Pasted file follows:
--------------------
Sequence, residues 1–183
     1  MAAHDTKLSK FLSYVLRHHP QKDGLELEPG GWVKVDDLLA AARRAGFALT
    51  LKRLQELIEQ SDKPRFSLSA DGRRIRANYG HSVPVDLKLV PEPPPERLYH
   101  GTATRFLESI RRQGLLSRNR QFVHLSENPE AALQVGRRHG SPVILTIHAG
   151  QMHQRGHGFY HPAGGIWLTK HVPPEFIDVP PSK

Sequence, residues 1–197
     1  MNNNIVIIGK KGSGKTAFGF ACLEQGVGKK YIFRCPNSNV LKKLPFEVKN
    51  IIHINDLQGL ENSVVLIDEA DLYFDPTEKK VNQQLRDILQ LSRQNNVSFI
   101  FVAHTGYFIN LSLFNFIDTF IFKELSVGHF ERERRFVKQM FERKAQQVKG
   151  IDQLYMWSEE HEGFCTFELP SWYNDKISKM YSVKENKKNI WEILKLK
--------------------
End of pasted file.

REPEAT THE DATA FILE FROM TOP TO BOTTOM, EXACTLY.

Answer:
Sequence, residues 1–183
     1  MAAHDTKLSK FLSYVLRHHP QKDGLELEPG GWVKVDDLLA AARRAGFALT
    51  LKRLQELIEQ SDKPRFSLSA DGRRIRANYG HSVPVDLKLV PEPPPERLYH
   101  GTATRFLESI RRQGLLSRNR QFVHLSENPE AALQVGRRHG SPVILTIHAG
   151  QMHQRGHGFY HPAGGIWLTK HVPPEFIDVP PSK

Sequence, residues 1–197
     1  MNNNIVIIGK KGSGKTAFGF ACLEQGVGKK YIFRCPNSNV LKKLPFEVKN
    51  IIHINDLQGL ENSVVLIDEA DLYFDPTEKK VNQQLRDILQ LSRQNNVSFI
   101  FVAHTGYFIN LSLFNFIDTF IFKELSVGHF ERERRFVKQM FERKAQQVKG
   151  IDQLYMWSEE HEGFCTFELP SWYNDKISKM YSVKENKKNI WEILKLK